Camp William Penn officially open on June 26th, 1863. The response by the Philadelphia African-American community was overwhelming and immediate. By the end of July a full regiment of 800 men had been recruited and formed into the 3rd United States Colored Troop. By the end of August enough officers had been found and the 3rd U.S.C.T. was officially mustered into the Union Army. (Mustered in means they were officially sworn in and were a part of the army) The response only slowed slightly after the formation of the 3rd U.S.C.T. The 3rd U.S.C.T. was the first of eleven regiments that would pass through Camp William Penn. Besides the 3rd U.S.C.T., the 6th U.S.C.T., the 8th U.S.C.T., the 22nd U.S.C.T., the 24th U.S.C.T., the 25th U.S.C.T., the 32nd U.S.C.T., the 41st U.S.C.T., the 43rd U.S.C.T., the 45th U.S.C.T., and the 127th U.S.C.T. all were formed and trained at Camp William Penn. If you would like complete regimental histories of these units, they are in Samuel Bates’ History of Pennsylvania Volunteers 1861-5; Prepared in Compliance with the Acts of the Legislature Volume V. When Camp William Penn closed in May of 1865 about 11,000 enlisted men and 400 officers had been trained in camp. Considering only about 80,000 African-Americans enlisted during the Civil War, Camp William Penn trained almost 1/8 or about 13% of all African-Americans that served in the Union Army during the course of the war.
Not only was Camp William Penn one of the largest camps for training African-American troops but it also acted as a link to the African-American community. Thousands of men from Philadelphia and other states flocked to the camp creating a link between it and the African-American community. Some of the most visible connections appear in issues of the Christian Recorder. The Christian Recorder was one of the most popular African-American newspapers in the country and was based out of Philadelphia. In issues of the newspaper you see articles written about the camp and letters sent by soldiers from regiments that were formed in Camp William Penn. Recruiting ads were placed in the newspaper as well. There were many soldiers from U.S.C.T. regiments, whether they were formed at Camp William Penn or not, that were subscribers of the paper. With the prevalence of sharing newspapers and reading aloud, this would greatly increase the number of people who would be exposed to the paper. Probably the biggest advantage to this would be the added exposure for the information wanted ads. Information wanted ads were people advertising trying to find long lost friends and family, usually separated by slavery. Not only were soldiers sometimes the people posting these ads but were sometimes the people being looked for in the ads. With these soldiers being spread out around the country both North and South, it greatly helped to boast the chances of the people in the ads being found.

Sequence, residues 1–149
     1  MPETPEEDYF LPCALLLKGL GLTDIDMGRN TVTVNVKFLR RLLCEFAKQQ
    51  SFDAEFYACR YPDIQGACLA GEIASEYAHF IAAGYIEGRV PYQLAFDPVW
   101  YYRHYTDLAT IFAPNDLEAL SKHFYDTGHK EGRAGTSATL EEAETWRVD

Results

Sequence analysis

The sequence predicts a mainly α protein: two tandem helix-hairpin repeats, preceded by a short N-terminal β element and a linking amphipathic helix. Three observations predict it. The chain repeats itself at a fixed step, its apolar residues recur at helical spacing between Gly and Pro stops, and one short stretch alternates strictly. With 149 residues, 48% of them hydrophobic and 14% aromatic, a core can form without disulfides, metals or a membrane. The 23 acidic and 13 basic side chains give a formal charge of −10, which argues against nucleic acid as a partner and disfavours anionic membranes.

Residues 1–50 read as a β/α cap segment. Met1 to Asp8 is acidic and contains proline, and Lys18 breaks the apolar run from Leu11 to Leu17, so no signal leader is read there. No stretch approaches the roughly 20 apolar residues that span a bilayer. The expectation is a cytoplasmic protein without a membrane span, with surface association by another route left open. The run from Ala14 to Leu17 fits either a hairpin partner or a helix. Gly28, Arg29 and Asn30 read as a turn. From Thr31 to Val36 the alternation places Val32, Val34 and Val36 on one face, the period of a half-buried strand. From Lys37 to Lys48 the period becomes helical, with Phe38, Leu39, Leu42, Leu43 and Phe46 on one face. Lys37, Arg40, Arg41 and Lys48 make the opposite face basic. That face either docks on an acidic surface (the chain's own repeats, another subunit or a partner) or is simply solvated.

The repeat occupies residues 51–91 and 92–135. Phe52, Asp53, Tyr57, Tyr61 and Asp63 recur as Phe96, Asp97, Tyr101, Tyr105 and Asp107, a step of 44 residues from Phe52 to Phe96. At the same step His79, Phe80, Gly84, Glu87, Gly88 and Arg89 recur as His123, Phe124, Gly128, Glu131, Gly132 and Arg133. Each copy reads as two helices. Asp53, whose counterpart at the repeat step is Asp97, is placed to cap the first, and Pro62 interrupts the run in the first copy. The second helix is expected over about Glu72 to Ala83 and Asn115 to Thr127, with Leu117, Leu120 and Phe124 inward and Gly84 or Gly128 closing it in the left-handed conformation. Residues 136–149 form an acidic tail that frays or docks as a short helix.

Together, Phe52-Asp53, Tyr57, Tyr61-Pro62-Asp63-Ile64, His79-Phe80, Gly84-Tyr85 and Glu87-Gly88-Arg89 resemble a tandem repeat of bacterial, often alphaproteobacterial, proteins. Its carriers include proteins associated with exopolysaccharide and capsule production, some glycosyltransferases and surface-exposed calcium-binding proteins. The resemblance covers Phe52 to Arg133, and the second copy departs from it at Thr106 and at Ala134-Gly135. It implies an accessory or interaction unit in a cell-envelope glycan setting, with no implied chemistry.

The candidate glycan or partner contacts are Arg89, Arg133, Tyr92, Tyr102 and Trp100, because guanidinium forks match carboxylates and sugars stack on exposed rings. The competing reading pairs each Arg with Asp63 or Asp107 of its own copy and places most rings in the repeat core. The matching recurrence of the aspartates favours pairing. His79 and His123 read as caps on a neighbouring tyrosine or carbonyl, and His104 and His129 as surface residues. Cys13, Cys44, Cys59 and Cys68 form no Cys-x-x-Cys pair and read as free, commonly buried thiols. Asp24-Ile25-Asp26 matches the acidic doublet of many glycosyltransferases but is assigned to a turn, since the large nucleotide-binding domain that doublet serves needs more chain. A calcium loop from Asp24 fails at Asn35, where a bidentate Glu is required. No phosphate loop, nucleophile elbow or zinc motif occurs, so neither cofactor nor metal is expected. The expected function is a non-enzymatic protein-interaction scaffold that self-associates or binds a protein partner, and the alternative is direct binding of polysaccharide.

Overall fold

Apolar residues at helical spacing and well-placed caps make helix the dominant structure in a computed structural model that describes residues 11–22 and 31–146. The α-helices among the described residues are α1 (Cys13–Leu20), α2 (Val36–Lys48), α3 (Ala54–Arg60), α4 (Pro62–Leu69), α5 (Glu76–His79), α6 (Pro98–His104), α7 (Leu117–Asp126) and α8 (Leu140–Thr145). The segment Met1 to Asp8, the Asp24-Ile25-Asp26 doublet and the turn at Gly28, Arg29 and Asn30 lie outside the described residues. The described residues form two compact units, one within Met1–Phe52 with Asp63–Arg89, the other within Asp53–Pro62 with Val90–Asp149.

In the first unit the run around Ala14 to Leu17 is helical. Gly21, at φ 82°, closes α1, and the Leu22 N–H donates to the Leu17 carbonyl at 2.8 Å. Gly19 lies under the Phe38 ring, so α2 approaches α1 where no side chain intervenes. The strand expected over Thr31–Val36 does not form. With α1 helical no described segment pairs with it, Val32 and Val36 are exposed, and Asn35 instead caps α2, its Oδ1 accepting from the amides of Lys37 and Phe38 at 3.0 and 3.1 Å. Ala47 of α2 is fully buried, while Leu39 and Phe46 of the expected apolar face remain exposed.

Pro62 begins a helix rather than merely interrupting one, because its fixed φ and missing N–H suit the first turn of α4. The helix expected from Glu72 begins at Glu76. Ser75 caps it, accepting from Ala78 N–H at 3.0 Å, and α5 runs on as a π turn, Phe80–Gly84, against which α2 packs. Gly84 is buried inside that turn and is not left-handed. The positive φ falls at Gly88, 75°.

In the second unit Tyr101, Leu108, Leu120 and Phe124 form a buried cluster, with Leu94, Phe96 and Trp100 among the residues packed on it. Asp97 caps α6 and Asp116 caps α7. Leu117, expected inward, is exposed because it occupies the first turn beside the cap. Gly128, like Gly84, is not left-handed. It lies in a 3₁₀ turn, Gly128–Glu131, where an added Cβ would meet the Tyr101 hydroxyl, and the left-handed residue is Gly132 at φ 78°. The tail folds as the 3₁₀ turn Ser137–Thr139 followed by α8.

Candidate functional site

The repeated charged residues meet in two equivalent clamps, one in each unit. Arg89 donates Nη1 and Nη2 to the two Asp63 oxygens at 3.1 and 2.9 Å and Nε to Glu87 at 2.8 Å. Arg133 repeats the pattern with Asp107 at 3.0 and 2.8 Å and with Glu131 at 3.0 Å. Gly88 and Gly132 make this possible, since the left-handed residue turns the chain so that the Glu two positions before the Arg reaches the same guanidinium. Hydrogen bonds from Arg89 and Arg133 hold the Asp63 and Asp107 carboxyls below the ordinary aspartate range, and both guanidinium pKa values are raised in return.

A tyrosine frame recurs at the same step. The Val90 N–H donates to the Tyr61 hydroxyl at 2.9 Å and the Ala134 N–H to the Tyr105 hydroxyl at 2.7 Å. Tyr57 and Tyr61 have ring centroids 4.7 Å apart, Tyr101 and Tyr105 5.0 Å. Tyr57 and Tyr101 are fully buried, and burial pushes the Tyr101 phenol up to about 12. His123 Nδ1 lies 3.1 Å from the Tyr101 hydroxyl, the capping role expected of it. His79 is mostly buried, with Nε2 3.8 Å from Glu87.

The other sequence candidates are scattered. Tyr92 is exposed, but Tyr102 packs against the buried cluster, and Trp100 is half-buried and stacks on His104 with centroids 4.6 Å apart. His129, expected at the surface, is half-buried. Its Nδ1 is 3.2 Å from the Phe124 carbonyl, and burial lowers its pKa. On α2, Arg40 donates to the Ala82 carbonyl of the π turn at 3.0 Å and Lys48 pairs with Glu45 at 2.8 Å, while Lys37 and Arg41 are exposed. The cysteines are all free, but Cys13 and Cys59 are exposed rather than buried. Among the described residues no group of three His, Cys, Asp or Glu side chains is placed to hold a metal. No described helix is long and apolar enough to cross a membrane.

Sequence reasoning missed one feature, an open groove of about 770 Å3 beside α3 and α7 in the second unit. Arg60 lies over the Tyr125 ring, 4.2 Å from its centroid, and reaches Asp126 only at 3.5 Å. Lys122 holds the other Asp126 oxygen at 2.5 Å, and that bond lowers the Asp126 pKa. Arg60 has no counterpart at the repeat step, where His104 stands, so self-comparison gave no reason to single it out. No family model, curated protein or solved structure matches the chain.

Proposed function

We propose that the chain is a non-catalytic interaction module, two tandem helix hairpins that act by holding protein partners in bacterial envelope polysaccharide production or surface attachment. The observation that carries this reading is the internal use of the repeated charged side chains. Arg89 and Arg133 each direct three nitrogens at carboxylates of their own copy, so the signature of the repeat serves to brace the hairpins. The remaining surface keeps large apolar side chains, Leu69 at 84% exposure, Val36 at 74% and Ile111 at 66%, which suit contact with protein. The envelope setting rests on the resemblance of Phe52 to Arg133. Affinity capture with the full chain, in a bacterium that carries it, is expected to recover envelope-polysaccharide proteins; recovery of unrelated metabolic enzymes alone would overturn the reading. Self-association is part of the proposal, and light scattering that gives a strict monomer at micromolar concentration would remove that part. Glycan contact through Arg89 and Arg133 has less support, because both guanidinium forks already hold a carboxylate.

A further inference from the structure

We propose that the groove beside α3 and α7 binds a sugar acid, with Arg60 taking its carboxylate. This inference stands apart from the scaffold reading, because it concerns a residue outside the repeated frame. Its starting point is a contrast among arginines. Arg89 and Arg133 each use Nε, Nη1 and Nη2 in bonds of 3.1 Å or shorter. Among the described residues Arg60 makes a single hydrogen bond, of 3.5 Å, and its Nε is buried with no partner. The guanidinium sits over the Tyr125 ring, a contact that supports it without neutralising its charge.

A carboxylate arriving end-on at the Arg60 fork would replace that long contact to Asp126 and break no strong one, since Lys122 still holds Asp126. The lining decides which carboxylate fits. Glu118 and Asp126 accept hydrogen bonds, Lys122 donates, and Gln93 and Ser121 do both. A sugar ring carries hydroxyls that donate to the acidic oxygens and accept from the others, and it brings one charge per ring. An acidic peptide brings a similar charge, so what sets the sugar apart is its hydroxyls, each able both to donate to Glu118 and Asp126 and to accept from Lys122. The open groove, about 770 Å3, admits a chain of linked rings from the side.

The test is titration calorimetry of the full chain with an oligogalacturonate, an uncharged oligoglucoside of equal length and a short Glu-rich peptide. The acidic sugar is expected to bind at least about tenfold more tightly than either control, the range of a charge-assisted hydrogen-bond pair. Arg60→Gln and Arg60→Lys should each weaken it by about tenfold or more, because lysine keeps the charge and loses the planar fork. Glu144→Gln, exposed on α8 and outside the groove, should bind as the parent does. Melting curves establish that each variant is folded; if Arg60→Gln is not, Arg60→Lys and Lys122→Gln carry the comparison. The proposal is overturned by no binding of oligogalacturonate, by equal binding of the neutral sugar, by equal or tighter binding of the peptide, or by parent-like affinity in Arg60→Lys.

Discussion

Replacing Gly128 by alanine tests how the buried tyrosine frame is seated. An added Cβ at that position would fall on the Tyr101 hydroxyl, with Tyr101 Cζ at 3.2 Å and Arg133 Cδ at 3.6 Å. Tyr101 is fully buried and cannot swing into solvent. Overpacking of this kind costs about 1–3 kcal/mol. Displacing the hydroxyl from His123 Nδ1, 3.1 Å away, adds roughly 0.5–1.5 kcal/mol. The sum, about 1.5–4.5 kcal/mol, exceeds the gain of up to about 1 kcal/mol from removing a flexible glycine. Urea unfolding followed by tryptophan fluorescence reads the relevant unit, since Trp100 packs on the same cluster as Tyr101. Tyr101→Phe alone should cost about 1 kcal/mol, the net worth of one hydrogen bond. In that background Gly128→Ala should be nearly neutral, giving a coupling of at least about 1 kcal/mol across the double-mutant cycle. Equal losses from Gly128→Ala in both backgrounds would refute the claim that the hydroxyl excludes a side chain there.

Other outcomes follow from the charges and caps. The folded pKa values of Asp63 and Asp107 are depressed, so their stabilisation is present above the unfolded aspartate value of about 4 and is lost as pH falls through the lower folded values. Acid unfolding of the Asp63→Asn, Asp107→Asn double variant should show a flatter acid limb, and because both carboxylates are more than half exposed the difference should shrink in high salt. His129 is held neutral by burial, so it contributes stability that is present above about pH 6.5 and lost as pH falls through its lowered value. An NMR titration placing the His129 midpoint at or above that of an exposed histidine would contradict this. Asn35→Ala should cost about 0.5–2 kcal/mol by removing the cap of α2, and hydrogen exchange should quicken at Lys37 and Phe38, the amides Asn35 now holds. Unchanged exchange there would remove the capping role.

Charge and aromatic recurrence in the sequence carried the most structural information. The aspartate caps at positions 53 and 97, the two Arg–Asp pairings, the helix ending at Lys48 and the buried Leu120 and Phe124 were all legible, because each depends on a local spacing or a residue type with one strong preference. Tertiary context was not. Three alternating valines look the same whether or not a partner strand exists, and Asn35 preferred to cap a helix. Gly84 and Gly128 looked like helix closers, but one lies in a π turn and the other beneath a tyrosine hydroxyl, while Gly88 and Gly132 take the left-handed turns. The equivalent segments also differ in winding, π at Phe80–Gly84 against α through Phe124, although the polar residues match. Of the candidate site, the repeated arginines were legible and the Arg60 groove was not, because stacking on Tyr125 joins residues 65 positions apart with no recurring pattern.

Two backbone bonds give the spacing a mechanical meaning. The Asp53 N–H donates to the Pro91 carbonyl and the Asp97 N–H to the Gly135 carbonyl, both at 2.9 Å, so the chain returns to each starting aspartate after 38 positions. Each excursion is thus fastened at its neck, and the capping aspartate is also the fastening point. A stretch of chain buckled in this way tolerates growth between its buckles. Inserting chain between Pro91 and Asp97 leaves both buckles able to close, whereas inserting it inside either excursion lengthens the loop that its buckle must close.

Camp William Penn was one of the most influential training camps of African-American soldiers. Not only did it train a large chunk of these soldiers who served during the war but its’ connection with the African-American community and the Christian Recorder made it a large part of the African-American culture during that time period.
Additional Reading about Camp William Penn:
Camp William Penn and the Black Soldier by Jeffry D. Wert (JSTOR access required)
Camp William Penn by Pennsylvania 150th Anniversary of the Civil War
Additional Reading about the United States Colored Troops
United States Colored Troops by the National Archives and Records Administration
Forged in Battle: The Civil War Alliance of Black Soldiers and White Officers by Joseph T. Glatthaar
United States Colored Troops by the National Park Service